Walter Raleigh was in charge of all the early attempts by England to start a permanent settlement in America. After John White returned to England without finding the lost colonists, Raleigh sent another expedition a few years later. That expedition failed to reach Roanoke island because of bad weather and also returned to England.

When John White examined the abandoned fort in 1590, he saw no signs of any violence or struggle.
0 Replies
 
wandeljw
 
  1  
Reply Sat 5 May, 2012 08:39 am
The new information indicates that the colonists may have moved to the area between the confluence of the Chowan and Roanoke rivers.

http://outerbanksvoice.com/wp-content/uploads/2012/05/map21.jpg
0 Replies
 
Letty
 
  1  
Reply Sat 5 May, 2012 01:07 pm
I have always been fascinated with the mysteries of history, BBB. So long ago, I was in Cape Hatteras and watched a reenactment of the colony.

I do recall that one of the rescue ships played this to alert the colonists that they were "the good guys" coming to their aid.

http://www.youtube.com/watch?v=lmOb5H8kL30

Don't quite understand about the findings under the golf course, however.
wandeljw
 
  2  
Reply Sun 6 May, 2012 09:11 am
@Letty,
Earlier theories about what happened to the colonists include:
--they built a ship and tried to return to England
--they were attacked by the Spanish who believed that this area belonged to them
--they were attacked by Native Americans
--they were killed by a hurricane that hit their island
--they went to live among friendly Native Americans and intermingled with them
0 Replies
 
wandeljw
 
  2  
Reply Mon 7 May, 2012 02:04 pm
The actual 37 page report of the British Museum on their investigation of the patches on the map is available online:

http://www.firstcolonyfoundation.org/news/british_museum_findings.pdf
0 Replies
 
wandeljw
 
  1  
Reply Wed 9 May, 2012 09:10 am
Quote:
Map of Lost Colony backs our historian
(By Steve Vaughan, The Virginia Gazette, May 8, 2012)

WILLIAMSBURG — Jim Horn, Colonial Williamsburg’s vice president for research, had to be thinking “I told you so” when he heard the latest discoveries out of Britain about Roanoke Island.

Reports Thursday suggested that the settlers of the Lost Colony resettled just where Horn said they did in his 2010 book “A Kingdom Strange: The Brief and Tragic History of the Lost Colony of Roanoke.”

“I couldn’t have scripted it better,” Horn said in an interview. “I was stunned when I heard the news.”

The British Museum used new viewing technology to find hidden markings on a 16th century map of the North Carolina coast. Horn considers it the most significant finding in the search for the Lost Colony “in 400 years.”

A section of the map that was covered by a patch shows a symbol indicating a large fort on the headlands to the west of Roanoke Island.

“That’s exactly where I wrote they had gone,” Horn said. The map was created by John White, the colony’s governor.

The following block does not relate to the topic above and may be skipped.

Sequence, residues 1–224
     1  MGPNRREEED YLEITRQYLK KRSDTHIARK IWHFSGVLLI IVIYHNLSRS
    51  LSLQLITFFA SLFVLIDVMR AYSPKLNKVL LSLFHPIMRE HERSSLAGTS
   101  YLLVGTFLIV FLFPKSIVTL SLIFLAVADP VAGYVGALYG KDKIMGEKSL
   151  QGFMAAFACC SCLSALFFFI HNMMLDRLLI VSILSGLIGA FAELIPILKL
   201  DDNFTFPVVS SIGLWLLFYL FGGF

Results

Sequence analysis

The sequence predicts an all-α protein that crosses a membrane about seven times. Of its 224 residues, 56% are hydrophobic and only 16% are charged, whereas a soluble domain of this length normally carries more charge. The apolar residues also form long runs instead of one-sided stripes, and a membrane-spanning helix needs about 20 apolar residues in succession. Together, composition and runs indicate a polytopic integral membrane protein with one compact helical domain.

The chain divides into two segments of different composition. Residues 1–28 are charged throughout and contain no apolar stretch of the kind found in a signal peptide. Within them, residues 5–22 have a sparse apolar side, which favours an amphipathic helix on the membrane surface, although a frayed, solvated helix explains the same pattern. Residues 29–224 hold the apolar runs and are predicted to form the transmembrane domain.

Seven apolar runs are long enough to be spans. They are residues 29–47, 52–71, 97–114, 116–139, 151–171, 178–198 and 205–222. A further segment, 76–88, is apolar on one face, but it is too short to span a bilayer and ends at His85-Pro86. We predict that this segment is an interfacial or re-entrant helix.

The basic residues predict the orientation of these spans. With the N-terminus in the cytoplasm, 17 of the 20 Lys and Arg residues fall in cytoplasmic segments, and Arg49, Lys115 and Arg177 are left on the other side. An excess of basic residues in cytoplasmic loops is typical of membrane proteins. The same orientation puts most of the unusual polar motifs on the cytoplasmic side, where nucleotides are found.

Horn based his theory on encounters that later settlers had with Native Americans who indicated they knew of a settlement of Europeans in a certain spot.

A Spanish ship noted evidence of abandoned English habitation on the Outer Banks in the spring of 1588. “I believe they left earlier than that,” Horn said. “I think they left by the fall of 1587.”

The whereabouts of the Roanoke Colony survivors, including Virginia Dare, the first English child born in the  New World, is one of the great mysteries of American history.

While Horn said the mystery isn’t totally solved, the new evidence gives important clues for future archaeologists.

Horn said another mark on the map, on top of the patch that covered the fort symbol, might be a diagram for the city of Raleigh. It was named after the colony’s financial backer Sir Walter Raleigh.
0 Replies
 
wandeljw
 
  1  
Reply Thu 10 May, 2012 09:27 am
The 1607 settlers of Jamestown had also been directed to make an effort to find the lost colonists of Roanoke Island. In a 1906 history of North Carolina, Samuel Ashe recounted the Jamestown attempt and concluded that the lost colonists moved inland to the area now known as Bertie County:
Quote:
At length the settlement was made at Jamestown in 1607, and the authorities in England gave positive directions that efforts should be made to find the Lost Colony and relieve their distresses. Expeditions were sent by land and water, but without avail. Powhatan, the Emperor of the Virginia Indians, resided at the Falls on the James River, and the Indians on the Roanoke were not under his dominion. Still he had influence with them ; and from friendly Indians it was learned that after the arrival of the colony at Jamestown, he had caused the settlers, who for more than twenty years had lived peaceably and intermixed with the Indians south of the Chowan, to be slaughtered, although some few were said to have escaped. The exploring party under Newport, in 1608, "went southward to some parts of Chowanook and the Mangoangs, to search there those left by Sir Walter Raleigh.'' Smith in his "True Relation," speaking of Paspehegh, the King of the few Indians who lived near Jamestown, says: "What he knew of the Dominions he spared to acquaint me with, as of certain men cloathed at a place called Ocanahonan, clothed like me."

And again : "He sent from Warraskoyack Master Scitlemore and two guides to seek for the Lost Colony of Sir Walter Raleigh. We had agreed with the King of Paspehegh to conduct two of our men to a place called Panawicke, beyond Roanoke, where he reported many men to be appareled. We landed him at Wlarraskoyack, where playing the villaine and deluding us for rewarde, returned within three or four days after, without going further." This was in 1608.

Alexander Brown, in his "Genesis of the United States," has reproduced a rude drawing made from Indian descriptions and sent by Thomas Nelson from Virginia in 1608 to illustrate Smith's "True Relation" in this particular matter. On this map Warraskoyack is on the Nansemond. Ocanahonan seems to be on the Nottoway. On the Tar is located "Pakrakanick," and near it on the map is a legend : "Here remayneth four men clothed that came from Roanoke to Ochanahonan." Between the Chowan and the Morratock (Roanoke River) on the map is another legend : "Here the King of Paspehegh reported our men to be, and wants to go." And that region is designated Pananiock." From this it would seem that White's Colony, after his departure, did remove into the interior, and located in either what is now Bertie County, or south of Albemarle Sound.